MCAS Cherry Point Air Show 2018


“Some people spend an entire lifetime wondering if they made a difference in the world. But, the Marines don’t have that problem.” – Ronald Reagan.

Marine Corps Air Station Cherry Point held their bi-annual air show May 4th through the 6th. I discovered this show through a friend and have been attending since 2012. Although it is a six hour drive for me to Havelock, NC, it is one of those can’t miss shows every two years. This is also my first show as a media member on behalf of I teamed up with Scott Zeno and Alice Leong as the primary photographers. We hope we can take you to the show if you couldn’t make it yourself.

MCAS Cherry Point is the largest Air Station in the Corps, Headquarters for the 2nd Marine Aircraft Wing and home to Marine Aircraft Group 14, three active AV-8B Harrier Squadrons, one training, two remaining EA-6B Prowler squadrons and a KC-130J Squadron. It is also a maintenance base so you’ll catch glimpses of non-based Ospreys, helicopters and Lightning II’s peeking out from hangars. Construction began in August 1941 clearing swampland and treating for Malaria. The air station was commissioned May 20, 1942, as Cunningham Field, named in honor of the Marine Corps’ first aviator, Lieutenant Colonel Alfred A. Cunningham. The base was later renamed Marine Corps Air Station Cherry Point, after a local post office situated among cherry trees.


Friday Twilight Show
Some bases offer a Friday evening show and you can really immerse yourself in an air show weekend. The weather for the Friday twilight show was ideal with plenty of late day sun. On static display were two Harriers from VMA 231, The Ace of Spades and VMA 542, The Tigers in colorful, one-off paint schemes. The Warlords of VMFAT 501 brought a blue trimmed F-35B from MCAS Beaufort for static which was moved to a demo slot by Saturday morning. The Marines also had an EA-6B Prowler, F/A-18C Hornet, KC-130J Hercules, AH-1W Super Cobra, UH-1Y Venom, CH-53E Super Stallion, MV-22 Osprey and a large grouping of amphibious assault and construction equipment on display. Further down the ramp was an F-15E Strike Eagle from nearby Seymour Johnson AFB, T-38 Talons from Whiteman and Laughlin Air Force Bases, and T-6 Texan IIs from the Navy, Air Force and Canada. Notable civilian statics included the B-17 “Movie Memphis Belle”, an American Airlines DC-3, “Flagship Detroit”, a Douglas C-54, “Spirit of Freedom”, TBM Avenger “Doris Mae”, P-51D “Red Nose”, and the North Carolina Vietnam Helicopter Pilots Association with a number of period airframes. A special shout out to Station Fuels! I had a good time chatting with them and was given their unit patch for my collection.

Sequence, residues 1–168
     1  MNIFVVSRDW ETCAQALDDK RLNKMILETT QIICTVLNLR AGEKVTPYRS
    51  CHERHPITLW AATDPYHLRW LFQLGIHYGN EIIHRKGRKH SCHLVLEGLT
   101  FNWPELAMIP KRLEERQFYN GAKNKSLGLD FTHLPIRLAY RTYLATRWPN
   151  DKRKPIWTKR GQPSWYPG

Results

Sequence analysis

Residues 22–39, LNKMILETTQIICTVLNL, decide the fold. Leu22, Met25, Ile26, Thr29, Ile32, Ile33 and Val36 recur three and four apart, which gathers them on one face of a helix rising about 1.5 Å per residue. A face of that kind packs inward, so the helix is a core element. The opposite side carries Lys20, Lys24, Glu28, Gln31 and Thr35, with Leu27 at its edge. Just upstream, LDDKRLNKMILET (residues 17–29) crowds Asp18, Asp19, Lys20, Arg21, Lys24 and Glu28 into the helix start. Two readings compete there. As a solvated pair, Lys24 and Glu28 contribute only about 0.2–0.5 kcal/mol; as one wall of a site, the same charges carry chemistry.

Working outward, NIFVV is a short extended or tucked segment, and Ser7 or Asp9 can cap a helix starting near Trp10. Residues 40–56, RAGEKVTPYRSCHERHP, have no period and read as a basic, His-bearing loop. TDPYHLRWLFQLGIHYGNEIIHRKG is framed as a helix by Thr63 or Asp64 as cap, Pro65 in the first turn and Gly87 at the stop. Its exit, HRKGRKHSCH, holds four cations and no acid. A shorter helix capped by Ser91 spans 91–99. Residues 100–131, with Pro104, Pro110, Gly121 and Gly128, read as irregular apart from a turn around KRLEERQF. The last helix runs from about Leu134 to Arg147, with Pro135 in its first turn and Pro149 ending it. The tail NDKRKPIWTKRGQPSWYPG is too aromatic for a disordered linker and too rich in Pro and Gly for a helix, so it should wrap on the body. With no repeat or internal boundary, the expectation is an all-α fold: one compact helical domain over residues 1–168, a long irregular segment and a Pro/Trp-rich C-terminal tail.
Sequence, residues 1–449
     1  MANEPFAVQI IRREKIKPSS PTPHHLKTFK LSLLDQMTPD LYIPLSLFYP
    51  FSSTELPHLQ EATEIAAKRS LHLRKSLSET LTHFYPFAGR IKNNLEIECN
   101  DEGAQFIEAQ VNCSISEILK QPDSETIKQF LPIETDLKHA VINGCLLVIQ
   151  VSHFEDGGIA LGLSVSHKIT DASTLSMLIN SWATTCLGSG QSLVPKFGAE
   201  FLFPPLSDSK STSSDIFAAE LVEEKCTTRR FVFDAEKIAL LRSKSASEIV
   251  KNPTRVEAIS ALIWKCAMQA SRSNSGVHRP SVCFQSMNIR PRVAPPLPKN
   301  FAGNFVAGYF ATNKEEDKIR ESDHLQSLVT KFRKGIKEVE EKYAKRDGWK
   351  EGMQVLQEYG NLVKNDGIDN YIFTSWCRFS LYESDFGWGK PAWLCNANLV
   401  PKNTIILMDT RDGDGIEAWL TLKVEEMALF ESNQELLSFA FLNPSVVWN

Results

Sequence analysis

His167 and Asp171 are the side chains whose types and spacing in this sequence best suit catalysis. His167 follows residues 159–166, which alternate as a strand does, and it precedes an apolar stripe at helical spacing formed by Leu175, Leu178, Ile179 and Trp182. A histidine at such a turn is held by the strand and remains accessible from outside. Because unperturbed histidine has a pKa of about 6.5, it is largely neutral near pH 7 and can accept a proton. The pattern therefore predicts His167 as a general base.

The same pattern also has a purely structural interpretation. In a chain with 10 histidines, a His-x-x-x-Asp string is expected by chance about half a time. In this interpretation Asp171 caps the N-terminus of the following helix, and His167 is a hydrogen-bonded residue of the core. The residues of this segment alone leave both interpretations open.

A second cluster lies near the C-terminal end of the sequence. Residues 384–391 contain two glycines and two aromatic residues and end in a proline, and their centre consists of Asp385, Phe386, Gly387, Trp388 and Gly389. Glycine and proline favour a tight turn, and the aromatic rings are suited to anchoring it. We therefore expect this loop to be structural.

The Twilight show kicked off with Jerry Conley’s new desert camouflaged de Havilland DH115 Vampire, the world’s first single engine jet fighter. Rob Holland was next in his highly aerobatic MXS. It was nice to see him back flying again after his Texas forced landing incident in March which destroyed his plane. With music from the 2nd Marine Air Wing Band, a flag jump was conducted by the Black Daggers from a based KC-130J of VMGR 252, “Team Otis”. Now, with night setting in, Team Aeroshell took their T-6 Texans aloft for a brightly lit and noisy 4 ship routine. Also performing at night was Randy Ball in his afterburning MiG-17F, Matt Younkin in his Beech 18, and the Super Salto Jet Sailplane. I may have missed some performers as it became chilly and breezy so I bailed.


Saturday Show
Saturday morning was nice and sunny but a thin layer of clouds moved in. Although mostly overcast, the sky remained bright. All acts could perform their high shows. The show opened with a flag drop while the 2nd Marine Air Wing Band performed. For the photographers, the sun is out in front and to the right making some photos difficult. Early performers were the Salto Sailplane, AV-8B Harrier demo, Bill Leff in his final season performing in the T-6 Texan, Jerry Conley in the Vampire, Matt Younkin in the Beech 18, local boy done good, Hubie Tolson, from New Bern, NC, in his Sukhoi 31 aerobatic plane, and the Canadian Forces Snowbirds. Not the fastest or loudest demo team but truly unique and beautiful formation flying.